IN THE WEEKS AFTER CLARKE WAS ELEVATED to Council president, a collective “Who is this guy?” poured forth from the local media. Clarke hasn’t exactly dodged the press in his career, but he’s been careful and circumspect, and he just doesn’t have the temperament to grandstand, or to casually divulge much about his personal life. Some of his Council colleagues, for instance, were surprised to discover on Inauguration Day that Clarke, who’s 59, has a grandson (by way of his only child, a daughter who’s a doctor). Pretty quickly, a meme started to spread that Clarke was a cipher.
Not in North Philly. There, it couldn’t be clearer that the man has roots and is a known quantity. “Mr. President, Mr. President,” says Helen Brown, a longtime North Philadelphia community activist, as Clarke stops by her office for an unannounced visit. All of a sudden she bends down and pulls up his pant leg: “I want to see if he’s out here today with these people and his socks pulled down.” She’d recently spotted his socks riding low, and she was worried it was a habit. “Now that you are the prez, you got to look the part! Is that a new suit, too?” Everywhere Clarke takes me, this sort of thing happens: Older African-American women embrace him, their faces glowing with pride. It makes sense. Clarke has lived in the district his entire life. These women have witnessed his ascent firsthand. Clarke and his two brothers were raised in a two-story Strawberry Mansion rowhome. The block is in better shape today than some, but the neighborhood as a whole is one of the most stricken in Philadelphia, a wasted shadow of what it was when the Council president was growing up.
His mother was a government employee at Veterans Affairs. His dad worked at the long-gone Freihofer’s bakery when Clarke was little, then at Virnelson’s Bakery, where he was also a union officer. “Old-school, traditional parents,” says Clarke. “Mother nurtured you, father made sure you stayed in line.” Not that Clarke always walked the line. A recent Daily News profile of the new Council president included a recollection from an old friend who described him as the kind of boy who would sit on the steps and read a book while the other neighborhood kids were jumping out of windows. That sure would help explain how Clarke got to where he is today, but it’s “totally inaccurate,” Clarke says. “I’d like to think I was the kid sitting there reading the book, but that’s just not reality. Let me put it out there that I was the kid doing what every other kid at 30th and Norris did: Jumping through windows, off the roof, whatever, I was doing it.”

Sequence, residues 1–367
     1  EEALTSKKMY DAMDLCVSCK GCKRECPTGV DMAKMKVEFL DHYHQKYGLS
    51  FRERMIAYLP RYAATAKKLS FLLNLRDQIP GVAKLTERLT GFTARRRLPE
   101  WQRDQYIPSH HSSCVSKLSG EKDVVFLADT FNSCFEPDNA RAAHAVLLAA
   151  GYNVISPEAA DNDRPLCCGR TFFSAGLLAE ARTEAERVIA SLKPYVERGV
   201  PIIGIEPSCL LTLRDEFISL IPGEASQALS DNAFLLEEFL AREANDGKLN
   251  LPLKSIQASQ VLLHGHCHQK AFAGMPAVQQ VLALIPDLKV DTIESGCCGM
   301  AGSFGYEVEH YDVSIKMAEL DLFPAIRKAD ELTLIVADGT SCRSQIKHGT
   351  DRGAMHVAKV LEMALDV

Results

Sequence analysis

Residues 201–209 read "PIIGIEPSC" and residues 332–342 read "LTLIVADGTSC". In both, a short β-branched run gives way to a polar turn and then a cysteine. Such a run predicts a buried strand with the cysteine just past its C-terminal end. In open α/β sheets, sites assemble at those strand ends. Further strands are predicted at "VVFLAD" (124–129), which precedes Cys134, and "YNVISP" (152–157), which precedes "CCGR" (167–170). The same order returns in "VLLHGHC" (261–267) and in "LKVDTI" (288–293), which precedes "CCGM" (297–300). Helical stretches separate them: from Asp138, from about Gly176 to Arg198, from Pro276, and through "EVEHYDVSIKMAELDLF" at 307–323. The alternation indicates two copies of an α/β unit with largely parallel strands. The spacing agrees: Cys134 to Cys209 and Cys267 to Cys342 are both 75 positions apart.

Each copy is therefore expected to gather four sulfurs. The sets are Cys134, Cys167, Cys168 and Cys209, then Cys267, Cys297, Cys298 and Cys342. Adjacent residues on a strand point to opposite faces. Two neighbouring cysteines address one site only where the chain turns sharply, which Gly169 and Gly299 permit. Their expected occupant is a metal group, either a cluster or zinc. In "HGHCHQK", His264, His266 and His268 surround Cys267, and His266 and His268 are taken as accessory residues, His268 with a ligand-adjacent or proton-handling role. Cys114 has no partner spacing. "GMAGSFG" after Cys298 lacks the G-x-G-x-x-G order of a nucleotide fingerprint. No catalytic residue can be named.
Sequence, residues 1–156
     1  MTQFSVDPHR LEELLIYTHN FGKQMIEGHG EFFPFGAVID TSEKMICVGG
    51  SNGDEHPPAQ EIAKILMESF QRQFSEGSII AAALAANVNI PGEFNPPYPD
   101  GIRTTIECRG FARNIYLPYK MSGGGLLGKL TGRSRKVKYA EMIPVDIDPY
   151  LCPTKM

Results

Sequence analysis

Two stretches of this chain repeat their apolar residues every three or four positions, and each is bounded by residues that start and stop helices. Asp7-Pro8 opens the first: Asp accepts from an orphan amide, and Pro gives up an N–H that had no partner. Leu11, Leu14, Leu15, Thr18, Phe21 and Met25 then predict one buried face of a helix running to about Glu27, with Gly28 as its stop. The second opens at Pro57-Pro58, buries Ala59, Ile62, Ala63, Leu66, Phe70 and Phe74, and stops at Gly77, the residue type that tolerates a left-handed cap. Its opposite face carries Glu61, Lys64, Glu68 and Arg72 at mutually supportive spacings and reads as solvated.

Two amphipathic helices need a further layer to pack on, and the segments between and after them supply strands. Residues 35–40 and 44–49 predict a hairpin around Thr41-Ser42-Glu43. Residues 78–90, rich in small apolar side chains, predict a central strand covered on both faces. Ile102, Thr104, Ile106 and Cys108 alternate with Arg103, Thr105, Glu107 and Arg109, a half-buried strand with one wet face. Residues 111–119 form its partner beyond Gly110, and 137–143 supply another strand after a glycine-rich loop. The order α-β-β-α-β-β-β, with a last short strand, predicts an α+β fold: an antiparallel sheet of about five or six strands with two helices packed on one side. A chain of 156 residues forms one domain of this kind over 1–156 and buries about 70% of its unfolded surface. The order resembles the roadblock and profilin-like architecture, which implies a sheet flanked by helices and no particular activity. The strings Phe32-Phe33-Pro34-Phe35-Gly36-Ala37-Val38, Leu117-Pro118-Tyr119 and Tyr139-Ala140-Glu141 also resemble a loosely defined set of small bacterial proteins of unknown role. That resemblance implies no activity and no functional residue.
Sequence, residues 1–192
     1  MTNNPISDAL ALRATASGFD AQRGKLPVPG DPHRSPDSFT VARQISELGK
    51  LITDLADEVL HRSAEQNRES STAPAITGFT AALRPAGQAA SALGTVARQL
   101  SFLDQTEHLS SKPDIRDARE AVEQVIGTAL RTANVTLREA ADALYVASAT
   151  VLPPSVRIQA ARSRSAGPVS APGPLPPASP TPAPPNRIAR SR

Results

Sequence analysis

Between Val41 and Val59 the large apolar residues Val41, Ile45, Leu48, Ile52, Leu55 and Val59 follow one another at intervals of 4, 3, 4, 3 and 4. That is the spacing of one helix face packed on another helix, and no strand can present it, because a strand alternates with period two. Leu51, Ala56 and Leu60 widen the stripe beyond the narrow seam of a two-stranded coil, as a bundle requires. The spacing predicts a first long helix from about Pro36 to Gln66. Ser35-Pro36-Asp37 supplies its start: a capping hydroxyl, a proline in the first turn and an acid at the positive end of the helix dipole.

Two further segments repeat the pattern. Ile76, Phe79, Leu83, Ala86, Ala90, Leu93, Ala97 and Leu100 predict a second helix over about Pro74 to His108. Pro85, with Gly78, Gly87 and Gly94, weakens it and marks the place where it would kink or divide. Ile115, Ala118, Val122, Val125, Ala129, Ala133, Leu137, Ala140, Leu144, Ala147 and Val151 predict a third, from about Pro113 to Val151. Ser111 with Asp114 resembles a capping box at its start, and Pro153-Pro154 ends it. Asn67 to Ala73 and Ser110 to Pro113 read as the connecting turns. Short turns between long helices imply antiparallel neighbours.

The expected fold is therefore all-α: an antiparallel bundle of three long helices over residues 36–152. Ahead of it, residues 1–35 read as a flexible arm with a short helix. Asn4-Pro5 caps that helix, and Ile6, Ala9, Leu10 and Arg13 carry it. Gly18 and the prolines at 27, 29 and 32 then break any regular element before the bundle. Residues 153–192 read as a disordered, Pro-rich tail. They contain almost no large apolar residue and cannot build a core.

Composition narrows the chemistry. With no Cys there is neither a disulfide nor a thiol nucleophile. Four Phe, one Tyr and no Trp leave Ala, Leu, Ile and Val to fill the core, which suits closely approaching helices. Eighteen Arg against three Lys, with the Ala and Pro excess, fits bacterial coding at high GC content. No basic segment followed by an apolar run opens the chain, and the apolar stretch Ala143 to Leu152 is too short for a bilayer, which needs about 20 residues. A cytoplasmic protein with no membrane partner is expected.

He was a gifted athlete, and a good enough defensive back for Strawberry Mansion and Edison Highs that he thought he had a shot at a football scholarship. That never materialized, though, and after his studies at Philadelphia Community College were aborted by two consecutive faculty strikes in the 1970s, Clarke attended a now-defunct technical institute. That was it for his formal education. But his informal education—in politics, in power, and in the intricacies of redevelopment—was just beginning.